basketball patient

“I heard a ‘bang’ and then felt as if someone stomped on the back of my left calf, slamming me down to the court. But, when I looked up, both the basketball and the other players were all several feet away staring at me. That’s when I knew I likely had a serious problem.”

This is how Ganesh Sundaram, 31, of Chicago, describes the incident that left him with a ruptured left Achilles tendon earlier this year. “I was playing with a bunch of friends on the weekend and went up for a rebound. Then, I quickly reversed my direction to get back on defense,” he explains. “I later found out that this rapid deceleration followed by acceleration and change of direction is a common cause of injury to the Achilles tendon at the back of the heel.”

He felt numbness, then pain as he limped off the court. He went directly to the nearest emergency department where the physician on duty conducted the Thompson test to determine whether or not his Achilles tendon was intact. After his foot hung loosely when his calf was squeezed, the physician told him it was most likely a full rupture and should see a foot and ankle specialist right away. Sundaram, at the suggestion of his brother-in- law (a Chicago-area physician), made an appointment with Dr. Simon Lee of Midwest Orthopaedics at Rush. Dr. Lee, an expert in treating Achilles injuries, confirmed the diagnosis and presented options for both surgical and non-surgical repair of his tendon.

Given Sundaram’s very active lifestyle which included a regular fitness and full-court basketball regimen, Tough Mudder/Spartan races and keeping up with his toddler son, he chose surgery given the higher likelihood of returning to full pre-injury function, strength and mobility. They also discussed the warning signs that Sundaram experienced several months earlier. After running in high heat while dehydrated and on vacation, Sundaram felt stiffness and pain in his left Achilles tendon when getting up after a long flight home.

Concerned, he took a rest from running, jumping and basketball for a few weeks but maintained the rest of his fitness regimen. He then resumed these activities once he felt minimal discomfort, but didn’t do any pre-activity stretching or warming up and he didn’t see a physician. Midwest Orthopaedics at Rush foot and ankle physicians explain that this scenario is becoming more and more common in their practices. “Over a recent ten-year period, we have seen our number of Achilles patients increase by almost 300 percent,” explains Dr. Lee.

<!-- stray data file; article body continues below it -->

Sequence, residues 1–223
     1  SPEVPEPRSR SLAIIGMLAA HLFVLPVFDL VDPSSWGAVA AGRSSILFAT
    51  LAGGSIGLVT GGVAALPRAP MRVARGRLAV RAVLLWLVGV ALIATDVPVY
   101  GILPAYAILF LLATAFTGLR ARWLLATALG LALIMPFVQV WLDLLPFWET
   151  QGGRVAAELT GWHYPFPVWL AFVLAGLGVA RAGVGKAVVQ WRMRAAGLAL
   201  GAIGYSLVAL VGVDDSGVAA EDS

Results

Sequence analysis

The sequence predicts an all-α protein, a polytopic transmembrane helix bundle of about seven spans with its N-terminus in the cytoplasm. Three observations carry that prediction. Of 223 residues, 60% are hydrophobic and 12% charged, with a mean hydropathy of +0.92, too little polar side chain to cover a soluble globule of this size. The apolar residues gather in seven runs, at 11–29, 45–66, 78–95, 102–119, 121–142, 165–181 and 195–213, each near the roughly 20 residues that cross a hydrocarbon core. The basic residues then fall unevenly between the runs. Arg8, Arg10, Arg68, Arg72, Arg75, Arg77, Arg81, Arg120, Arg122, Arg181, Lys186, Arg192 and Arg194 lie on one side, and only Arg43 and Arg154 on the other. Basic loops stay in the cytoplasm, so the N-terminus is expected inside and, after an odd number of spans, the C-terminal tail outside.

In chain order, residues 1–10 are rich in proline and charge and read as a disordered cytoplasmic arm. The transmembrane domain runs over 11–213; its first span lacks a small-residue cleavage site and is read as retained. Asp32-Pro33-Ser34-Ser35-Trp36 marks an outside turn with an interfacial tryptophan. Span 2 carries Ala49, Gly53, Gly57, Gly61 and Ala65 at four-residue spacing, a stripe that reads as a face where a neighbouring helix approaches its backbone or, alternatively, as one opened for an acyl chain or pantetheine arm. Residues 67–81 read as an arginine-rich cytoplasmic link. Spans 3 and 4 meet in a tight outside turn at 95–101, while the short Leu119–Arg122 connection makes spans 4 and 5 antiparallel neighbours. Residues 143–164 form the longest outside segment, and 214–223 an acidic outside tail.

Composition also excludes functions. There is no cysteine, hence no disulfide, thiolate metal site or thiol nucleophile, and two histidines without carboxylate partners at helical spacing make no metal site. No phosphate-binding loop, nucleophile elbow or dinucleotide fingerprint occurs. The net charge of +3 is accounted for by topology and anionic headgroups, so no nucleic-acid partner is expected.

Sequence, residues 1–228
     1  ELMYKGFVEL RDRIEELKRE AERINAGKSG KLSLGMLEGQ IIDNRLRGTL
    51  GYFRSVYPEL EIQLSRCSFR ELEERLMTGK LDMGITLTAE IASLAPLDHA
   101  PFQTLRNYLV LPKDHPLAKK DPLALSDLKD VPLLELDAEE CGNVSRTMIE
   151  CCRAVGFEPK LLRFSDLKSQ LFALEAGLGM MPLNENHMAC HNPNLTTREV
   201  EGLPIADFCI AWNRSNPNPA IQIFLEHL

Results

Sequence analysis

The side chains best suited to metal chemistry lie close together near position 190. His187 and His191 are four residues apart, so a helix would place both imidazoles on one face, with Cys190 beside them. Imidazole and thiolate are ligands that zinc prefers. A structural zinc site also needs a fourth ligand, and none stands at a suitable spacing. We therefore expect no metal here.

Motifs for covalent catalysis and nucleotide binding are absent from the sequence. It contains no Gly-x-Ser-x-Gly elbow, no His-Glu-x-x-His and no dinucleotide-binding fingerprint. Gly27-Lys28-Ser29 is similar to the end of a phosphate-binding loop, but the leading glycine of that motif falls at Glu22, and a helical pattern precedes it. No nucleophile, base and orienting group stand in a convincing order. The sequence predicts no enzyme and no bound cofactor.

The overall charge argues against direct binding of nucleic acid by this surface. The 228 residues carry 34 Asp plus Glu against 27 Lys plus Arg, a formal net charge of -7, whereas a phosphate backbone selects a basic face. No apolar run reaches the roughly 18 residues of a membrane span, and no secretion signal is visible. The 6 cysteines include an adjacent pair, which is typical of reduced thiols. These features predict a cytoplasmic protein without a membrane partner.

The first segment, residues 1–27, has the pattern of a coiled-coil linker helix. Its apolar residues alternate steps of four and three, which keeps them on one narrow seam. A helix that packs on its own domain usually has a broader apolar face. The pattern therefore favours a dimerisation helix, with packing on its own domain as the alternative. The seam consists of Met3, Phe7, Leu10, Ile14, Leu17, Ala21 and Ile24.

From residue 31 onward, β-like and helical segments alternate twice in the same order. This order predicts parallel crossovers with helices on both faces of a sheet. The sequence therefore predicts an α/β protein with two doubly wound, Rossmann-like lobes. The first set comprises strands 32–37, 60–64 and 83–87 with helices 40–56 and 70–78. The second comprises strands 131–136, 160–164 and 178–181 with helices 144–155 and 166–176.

So many more people are participating in extreme sports, like Tough Mudders, marathons and Spartan Races. They aren’t stretching or strengthening their Achilles tendons properly – or at all. We also see lots of weekend warriors who do the same thing.

For both types of athletes, Dr. Lee and his fellow foot and ankle physicians created aMOR300x250 useful resource for athletes to keep their ankles and tendons healthy called ‘Ankles for Life’. It includes injury prevention tips in both a downloadable brochure and video format. It was developed in conjunction with the Illinois Athletic Trainers Association. Sundaram, who is now back to basketball and working out, knows that he should have listened to his body when he had heel pain several months before the rupture.

“Dr. Lee told me that surgeons have a saying that ‘healthy tendons don’t rupture’. Mine was irritated or maybe even partially torn at the time and I should have attended to it earlier,” he says. Sundaram now incorporates lower body and heel stretching and strengthening into his routine before any sports activity – and encourages all athletes to do so.

For more information on preventing Achilles injuries and to request a gym bag tag with ankle injury prevention tips, visit the Ankles for Life website.

To schedule an appointment with Dr. Simon Lee to discuss your foot or ankle condition, click here or call 877-MD- BONES.

Meet the White Sox’s New Top Doc

Head team physician discusses his role keeping players on field

Dr. Nik Verma from Midwest Orthopaedics at Rush will be discussing his new role with Dr. Brian Cole & Steve Kashul on ESPN Chicago, Sports Medicine Weekly this coming Saturday, April 8th at 8:30AM . Tune in to WMVP AM 1000 to hear how he and the other team physicians at Rush help keep Sox players healthy through the long baseball season.